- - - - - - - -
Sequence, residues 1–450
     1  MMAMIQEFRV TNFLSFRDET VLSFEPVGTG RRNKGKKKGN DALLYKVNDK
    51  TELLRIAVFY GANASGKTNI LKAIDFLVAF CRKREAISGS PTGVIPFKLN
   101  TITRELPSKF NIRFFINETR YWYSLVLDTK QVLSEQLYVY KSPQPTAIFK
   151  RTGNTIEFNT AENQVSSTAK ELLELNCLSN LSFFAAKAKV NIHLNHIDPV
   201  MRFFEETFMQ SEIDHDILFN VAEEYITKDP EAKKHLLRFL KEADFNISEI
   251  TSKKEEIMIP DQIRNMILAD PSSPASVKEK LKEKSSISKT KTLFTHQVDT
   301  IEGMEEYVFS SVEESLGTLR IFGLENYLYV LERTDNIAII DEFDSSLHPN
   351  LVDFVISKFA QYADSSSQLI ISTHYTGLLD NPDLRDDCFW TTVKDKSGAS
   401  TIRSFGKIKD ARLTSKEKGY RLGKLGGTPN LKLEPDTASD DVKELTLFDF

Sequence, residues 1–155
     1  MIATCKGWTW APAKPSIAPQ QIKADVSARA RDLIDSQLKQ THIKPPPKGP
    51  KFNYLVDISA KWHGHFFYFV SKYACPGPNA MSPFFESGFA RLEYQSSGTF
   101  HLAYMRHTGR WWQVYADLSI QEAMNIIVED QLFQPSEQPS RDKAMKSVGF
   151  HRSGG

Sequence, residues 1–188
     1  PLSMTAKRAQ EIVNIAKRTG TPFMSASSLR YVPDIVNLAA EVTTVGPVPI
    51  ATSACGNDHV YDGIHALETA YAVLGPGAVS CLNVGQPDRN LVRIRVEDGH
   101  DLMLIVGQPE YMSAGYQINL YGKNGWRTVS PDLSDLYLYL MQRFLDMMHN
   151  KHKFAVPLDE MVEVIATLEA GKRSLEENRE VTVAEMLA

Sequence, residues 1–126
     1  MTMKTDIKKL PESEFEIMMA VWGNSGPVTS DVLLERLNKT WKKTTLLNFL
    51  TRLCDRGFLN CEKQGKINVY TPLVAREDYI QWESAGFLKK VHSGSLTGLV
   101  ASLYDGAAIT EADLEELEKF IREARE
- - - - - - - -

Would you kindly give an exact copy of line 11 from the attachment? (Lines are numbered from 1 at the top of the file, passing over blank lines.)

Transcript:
Sequence, residues 1–155